Strange fruit: beware the curse of the ‘avocado hand’

British plastic surgeon has suggested that avocados should carry warning labels

A leading plastic surgeon has suggested that avocados should carry warning labels. Photograph: Nick Ansell/PA Wire

A leading plastic surgeon has suggested that avocados should carry warning labels. Photograph: Nick Ansell/PA Wire

 

A leading British plastic surgeon has suggested that avocados should carry warning labels following a rise in the number of knife injuries from cutting into the fruit.

Simon Eccles, honorary secretary of the British Association of Plastic, Reconstructive and Aesthetic Plastic Surgeons, said he treated about four patients a week at Chelsea and Westminster Hospital for wounds caused by an avocado accident, with staff dubbing the injury “avocado hand”.

“People do not anticipate that the avocados they buy can be very ripe and there is minimal understanding of how to handle them,” he said.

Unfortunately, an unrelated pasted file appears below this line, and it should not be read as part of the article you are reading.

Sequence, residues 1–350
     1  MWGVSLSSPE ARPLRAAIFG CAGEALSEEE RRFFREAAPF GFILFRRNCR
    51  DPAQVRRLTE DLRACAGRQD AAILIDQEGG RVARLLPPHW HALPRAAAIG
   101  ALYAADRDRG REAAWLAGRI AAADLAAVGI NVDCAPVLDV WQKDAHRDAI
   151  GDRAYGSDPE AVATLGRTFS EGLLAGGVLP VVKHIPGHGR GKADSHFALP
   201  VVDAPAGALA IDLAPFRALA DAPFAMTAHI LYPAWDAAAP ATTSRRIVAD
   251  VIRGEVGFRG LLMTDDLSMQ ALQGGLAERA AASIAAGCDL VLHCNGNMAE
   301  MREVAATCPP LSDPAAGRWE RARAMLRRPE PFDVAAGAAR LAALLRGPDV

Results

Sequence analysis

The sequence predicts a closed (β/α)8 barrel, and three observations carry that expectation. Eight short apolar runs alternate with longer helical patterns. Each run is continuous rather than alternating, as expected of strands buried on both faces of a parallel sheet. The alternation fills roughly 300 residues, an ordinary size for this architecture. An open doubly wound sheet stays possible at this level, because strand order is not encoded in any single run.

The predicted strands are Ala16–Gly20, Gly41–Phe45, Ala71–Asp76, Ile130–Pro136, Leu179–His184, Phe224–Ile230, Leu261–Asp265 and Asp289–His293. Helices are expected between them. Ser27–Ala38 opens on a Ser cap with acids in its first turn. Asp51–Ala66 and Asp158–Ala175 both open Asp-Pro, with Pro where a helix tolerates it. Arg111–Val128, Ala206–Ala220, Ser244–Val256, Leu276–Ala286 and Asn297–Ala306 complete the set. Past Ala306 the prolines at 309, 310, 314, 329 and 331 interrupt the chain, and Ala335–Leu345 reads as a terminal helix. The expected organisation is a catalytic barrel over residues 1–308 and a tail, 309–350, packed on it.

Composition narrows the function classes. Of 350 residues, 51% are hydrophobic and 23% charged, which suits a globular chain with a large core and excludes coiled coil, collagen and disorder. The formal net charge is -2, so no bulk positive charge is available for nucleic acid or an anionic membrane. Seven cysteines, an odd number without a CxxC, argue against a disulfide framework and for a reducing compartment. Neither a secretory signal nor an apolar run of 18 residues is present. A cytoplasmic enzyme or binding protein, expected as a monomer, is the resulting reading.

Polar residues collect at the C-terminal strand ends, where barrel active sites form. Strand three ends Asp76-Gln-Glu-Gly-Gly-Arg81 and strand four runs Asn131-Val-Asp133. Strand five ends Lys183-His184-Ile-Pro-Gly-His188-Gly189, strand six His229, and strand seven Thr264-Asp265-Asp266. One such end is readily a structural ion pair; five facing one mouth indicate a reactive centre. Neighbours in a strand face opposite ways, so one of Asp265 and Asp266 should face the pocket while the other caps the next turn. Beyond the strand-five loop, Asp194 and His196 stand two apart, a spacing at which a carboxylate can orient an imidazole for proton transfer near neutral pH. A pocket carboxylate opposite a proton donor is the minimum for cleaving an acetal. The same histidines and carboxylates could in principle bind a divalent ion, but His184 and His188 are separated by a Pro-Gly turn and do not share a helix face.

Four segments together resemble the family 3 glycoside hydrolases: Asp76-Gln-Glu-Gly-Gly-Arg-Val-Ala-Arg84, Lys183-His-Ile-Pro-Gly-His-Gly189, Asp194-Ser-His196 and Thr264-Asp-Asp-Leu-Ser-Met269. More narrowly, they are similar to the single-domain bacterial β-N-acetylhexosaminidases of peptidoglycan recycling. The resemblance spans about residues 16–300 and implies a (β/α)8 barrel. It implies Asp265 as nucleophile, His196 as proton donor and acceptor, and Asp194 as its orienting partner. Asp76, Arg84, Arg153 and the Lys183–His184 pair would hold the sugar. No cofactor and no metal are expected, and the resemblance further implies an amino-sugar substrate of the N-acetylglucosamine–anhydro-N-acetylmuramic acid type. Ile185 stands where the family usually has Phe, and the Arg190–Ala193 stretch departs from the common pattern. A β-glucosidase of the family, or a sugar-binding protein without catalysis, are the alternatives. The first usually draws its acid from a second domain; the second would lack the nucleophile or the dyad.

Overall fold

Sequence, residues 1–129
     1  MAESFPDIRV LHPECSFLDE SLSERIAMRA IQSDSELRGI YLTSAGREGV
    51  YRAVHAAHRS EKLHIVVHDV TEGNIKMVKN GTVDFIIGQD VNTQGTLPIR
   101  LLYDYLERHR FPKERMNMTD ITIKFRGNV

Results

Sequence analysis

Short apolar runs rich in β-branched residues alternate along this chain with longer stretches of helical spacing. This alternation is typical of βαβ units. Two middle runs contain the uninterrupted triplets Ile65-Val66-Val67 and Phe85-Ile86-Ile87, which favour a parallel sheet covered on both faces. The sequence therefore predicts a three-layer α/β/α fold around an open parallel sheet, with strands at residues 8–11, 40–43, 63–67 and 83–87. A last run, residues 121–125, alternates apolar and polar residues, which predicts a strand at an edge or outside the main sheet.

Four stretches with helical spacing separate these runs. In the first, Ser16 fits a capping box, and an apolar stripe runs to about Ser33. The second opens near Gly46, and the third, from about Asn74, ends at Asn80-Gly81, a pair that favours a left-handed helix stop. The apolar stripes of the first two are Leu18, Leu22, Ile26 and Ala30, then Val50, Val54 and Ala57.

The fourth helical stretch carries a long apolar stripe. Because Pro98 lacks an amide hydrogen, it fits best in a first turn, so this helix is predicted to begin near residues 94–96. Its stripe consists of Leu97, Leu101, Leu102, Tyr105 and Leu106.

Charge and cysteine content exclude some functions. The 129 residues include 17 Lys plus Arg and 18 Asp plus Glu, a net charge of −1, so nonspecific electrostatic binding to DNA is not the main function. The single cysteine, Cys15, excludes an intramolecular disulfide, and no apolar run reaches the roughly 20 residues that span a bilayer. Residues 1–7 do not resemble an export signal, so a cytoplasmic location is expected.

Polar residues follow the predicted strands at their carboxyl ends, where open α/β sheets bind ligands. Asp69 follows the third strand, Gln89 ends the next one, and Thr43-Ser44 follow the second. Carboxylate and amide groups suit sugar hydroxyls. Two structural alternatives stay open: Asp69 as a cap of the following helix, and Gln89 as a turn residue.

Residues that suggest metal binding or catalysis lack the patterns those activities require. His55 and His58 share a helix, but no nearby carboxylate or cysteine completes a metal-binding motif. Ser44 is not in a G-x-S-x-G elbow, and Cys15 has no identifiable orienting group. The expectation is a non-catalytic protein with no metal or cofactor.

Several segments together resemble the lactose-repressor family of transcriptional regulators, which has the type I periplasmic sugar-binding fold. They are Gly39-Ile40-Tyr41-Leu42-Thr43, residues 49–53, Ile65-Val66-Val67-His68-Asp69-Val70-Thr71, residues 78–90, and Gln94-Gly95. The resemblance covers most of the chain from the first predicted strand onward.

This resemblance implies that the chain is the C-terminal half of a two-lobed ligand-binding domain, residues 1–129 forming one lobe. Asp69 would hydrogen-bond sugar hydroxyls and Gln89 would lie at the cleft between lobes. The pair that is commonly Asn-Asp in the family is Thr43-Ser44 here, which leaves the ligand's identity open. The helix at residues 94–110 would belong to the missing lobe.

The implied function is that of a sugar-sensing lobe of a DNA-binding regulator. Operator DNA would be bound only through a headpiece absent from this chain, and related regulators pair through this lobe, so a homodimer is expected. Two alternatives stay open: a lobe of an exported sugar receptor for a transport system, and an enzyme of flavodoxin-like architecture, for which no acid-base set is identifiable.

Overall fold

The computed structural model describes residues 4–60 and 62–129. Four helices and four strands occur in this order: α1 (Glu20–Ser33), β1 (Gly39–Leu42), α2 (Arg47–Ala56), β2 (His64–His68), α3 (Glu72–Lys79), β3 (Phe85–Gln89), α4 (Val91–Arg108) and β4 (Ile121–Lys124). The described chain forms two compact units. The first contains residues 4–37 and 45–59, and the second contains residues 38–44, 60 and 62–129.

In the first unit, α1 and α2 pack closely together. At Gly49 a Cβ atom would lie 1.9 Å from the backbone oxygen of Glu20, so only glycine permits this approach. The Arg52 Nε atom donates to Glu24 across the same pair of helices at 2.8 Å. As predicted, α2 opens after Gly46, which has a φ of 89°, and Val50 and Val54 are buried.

“We don’t want to put people off the fruit but I think warning labels are an effective way of dealing with this,” he told the London Times.

“It needs to be recognisable. Perhaps we could have a cartoon picture of an avocado with a knife, and a big red cross going through it?”

David Shewring, vice-president of the British Society for Surgery of the Hand, also told the newspaper: “Recently the health benefits of avocado have been advocated, with an increase in their popularity - and a consequent increase in related injuries.”

Figures from New Zealand’s accident compensation scheme show 303 people lodged claims over three years for avocado injuries, with NZ dollars 87,527 (€55,000) paid out in that period.

Actor Meryl Streep was photographed with a bandaged hand in 2012, later revealing she injured herself while cutting an avocado.

The generally accepted safest way to cut an avocado is to slice it in half length-ways before lowering the knife firmly into the stone and lifting it out.

PA